Clock Repair Archive - -     Definitions:

These are the definitions we use here in this journal. Many of them are standard. Some of them are not.
Some of these are called different names in different parts of the world.

Verge:			also called  anchor, pallet,  or escapement

Chime:			also called  chimes, gong, melody

Gong Rod:		also called  chimes, gong, strike

Main wheel		also called  great wheel, spring barrell

Second wheel		this means the wheel next to the Main wheel. We generally assign numbers to each 
			wheel, up from the bottom of the gear train, to refer to that wheel. 

Centerpost		this means the post the minute hand fits on 

Centerpost gear		this means the gear on the centerpost ( sometimes called the 3rd wheel )

Hour tube		the sleeve that the hour hand fits on

Pendulum		also called  pendulum ball, pendulum bob

Suspension		also called the suspension arm. The pendulum is attached to this part. When a user
			"puts the pendulum on the clock," this is what it is usually attached to. 

Suspension spring	this means the spring that the suspension hooks to that provides recoil for the
			swing of the pendulum

Suspension post		this means the post that the suspension is hooked to

Adjusting nut		this means the nut at the bottom of the pendulum bob that allows for timekeeping 
			adjustments. (The adjusting nut is not always at the bottom of the pendulum.)

Strike			The sound the clock makes when it counts the hour. Do not confuse this with the 

Ratchet wheel  		Part of the mainspring ratchet assembly. The ratchet wheel is a gear, with a square
			opening in the center that fits the mainspring arbor precisely. This gear usually
			has slanted teeth with valleys that fit the end of the click (ratchet dog)
			precisely, thus keeping the mainspring from releasing and destroying, gears,
 			person's fingers, and other clock parts. This is the device that holds the 
			mainspring tight after each turn of the key. When fully wound, this device has the 
			full power of the mainspring on it. The stored energy ( potential energy ) of the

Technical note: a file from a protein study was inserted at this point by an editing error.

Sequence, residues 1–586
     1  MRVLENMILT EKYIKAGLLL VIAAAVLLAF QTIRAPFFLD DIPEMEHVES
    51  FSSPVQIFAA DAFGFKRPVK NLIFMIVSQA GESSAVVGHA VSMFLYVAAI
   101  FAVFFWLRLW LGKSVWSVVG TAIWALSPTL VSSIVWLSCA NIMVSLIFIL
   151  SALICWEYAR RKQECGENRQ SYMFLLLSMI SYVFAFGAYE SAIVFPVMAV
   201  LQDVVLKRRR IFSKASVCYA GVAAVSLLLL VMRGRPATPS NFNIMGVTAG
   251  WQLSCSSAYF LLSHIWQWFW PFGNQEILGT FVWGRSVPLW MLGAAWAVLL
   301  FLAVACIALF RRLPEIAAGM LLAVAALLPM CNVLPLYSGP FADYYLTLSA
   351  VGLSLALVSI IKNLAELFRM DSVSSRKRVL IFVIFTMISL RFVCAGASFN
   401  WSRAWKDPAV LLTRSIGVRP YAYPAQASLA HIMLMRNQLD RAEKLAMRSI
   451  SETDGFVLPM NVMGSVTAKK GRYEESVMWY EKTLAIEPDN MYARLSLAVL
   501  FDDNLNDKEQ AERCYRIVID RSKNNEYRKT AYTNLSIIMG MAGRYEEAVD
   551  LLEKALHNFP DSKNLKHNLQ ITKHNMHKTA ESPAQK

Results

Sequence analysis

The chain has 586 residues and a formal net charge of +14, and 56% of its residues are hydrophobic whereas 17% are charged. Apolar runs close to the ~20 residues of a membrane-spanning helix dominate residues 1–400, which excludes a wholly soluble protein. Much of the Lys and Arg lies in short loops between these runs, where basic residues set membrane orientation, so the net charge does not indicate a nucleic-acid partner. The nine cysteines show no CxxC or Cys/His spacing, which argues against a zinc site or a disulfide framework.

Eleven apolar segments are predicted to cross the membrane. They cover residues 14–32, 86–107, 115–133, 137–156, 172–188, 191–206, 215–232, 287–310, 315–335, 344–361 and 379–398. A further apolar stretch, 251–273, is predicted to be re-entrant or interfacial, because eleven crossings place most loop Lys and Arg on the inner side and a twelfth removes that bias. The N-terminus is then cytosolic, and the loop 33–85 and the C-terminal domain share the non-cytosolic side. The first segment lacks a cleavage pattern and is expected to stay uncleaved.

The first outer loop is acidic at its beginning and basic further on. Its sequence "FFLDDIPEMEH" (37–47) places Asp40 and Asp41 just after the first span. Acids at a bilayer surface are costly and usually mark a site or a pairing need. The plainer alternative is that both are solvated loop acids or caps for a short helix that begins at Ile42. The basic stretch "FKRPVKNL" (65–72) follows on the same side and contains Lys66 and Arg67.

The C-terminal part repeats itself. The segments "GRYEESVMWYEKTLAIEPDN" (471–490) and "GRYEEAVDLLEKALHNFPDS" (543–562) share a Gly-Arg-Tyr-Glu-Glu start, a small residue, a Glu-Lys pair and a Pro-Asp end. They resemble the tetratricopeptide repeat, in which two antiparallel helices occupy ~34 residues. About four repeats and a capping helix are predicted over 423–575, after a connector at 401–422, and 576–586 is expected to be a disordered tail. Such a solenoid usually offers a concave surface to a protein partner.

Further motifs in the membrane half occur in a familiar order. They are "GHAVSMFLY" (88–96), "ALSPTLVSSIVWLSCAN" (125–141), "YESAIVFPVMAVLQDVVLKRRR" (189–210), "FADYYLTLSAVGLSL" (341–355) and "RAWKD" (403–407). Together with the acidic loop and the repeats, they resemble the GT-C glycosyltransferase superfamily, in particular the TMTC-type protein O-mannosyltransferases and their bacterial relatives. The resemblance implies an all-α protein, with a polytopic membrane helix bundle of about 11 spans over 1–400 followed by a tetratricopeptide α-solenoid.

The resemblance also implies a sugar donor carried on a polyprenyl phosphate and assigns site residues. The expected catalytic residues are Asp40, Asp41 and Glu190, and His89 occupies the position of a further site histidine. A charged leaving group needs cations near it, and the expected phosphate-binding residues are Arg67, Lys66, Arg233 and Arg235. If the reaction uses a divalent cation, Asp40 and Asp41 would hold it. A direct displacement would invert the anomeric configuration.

mainspring is held by the one single active tooth on this wheel in conjunction with
			the ratchet dog. Failure at this point causes massive damage.  

Click			Part of the mainspring ratchet assembly. The click is often called the ratchet dog.

Click spring		Part of the mainspring ratchet assembly. The click spring causes the click (ratchet
			dog) to snap into the valleys of the ratchet wheel.

Maintaining hook	A hook that holds a spring tight inside the main wheel of many weight drive clocks.
			This spring applies pressure in a reverse direction to the pull applied by winding.
			The reason for this is that when the clock is wound while it is running the power
			to the gear train is briefly interrupted which makes the escape wheel stop. 
			Occasionally the verge will then come down right on top of one of  the teeth of the
			escape wheel, causing it to be bent. With the spring and maintaing hook in place 
			and  functioning correctly, enough pressure is maintained on the escape wheel while 
			winding the clock to prevent damage by keeping just enough power to the escape wheel
			to keep it from stopping.

Isochronal error	A fancy way of saying a mainspring has more power when it is fully wound, than when
			it is run down. The power curve of a mainspring is non-linear, thus resulting in 
			timekeeping errors. ( see the section in trouble shooting more info ). 

Fusee ( Fuzee ) 	A design by which the power from the mainspring of a clock is delivered to the rest
			of the system through a spiral cone shaped spool with grooves for the cable. The 
			top end of the mainspring power is delivered to the smallest diameter of  the fusee.
			This reduces the ampount of power delivered because of the difference in diamters.
			The bottom end of the mainspring power is delivered to the largest diameter of the 
			fusee. This increases the amount of power available with respect to the top end, 
			thus effectively eliminating the effect of isochronal error by mechanically 
			equalizing the power delivered by the mainspring.

Platform escapement	Usually found in ships bell clocks, and expensive french carriage clocks. This 
			usually consists of a balance wheel and associated parts, a verge which is often 
			jeweled, and an escape wheel. The design of these balance wheels is very similar
			to what is found in large pocket watches. Some of the higher quality balance
			wheels have timekeeping adjustment screws in the wheel itself.

Sequence		The sequence of the operation of the gears and / or hammers and / or shutoff and 
			/or trip levers  of a particular section of a mechanism to produce the correct
			result of sound or mechanical operation.

Top end power		Fully wound mainspring.

Bottom end power	Mimimum mainspring power. Power delivered at the "almost totally unwound state"
			of a mainsping's power curve.  

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Copyright (c) 2002 David Tarsi. Permission is granted to copy, distribute and/or modify this document under the terms of the GNU Free Documentation License, Version 1.1 or any later version published by the Free Software Foundation; with the Invariant Sections being no invariant sections, with the Front-Cover Texts being no Front-Cover Texts, and with the Back-Cover Texts being no Back-Cover Texts. A copy of the license is included in the section entitled "GNU Free Documentation License".

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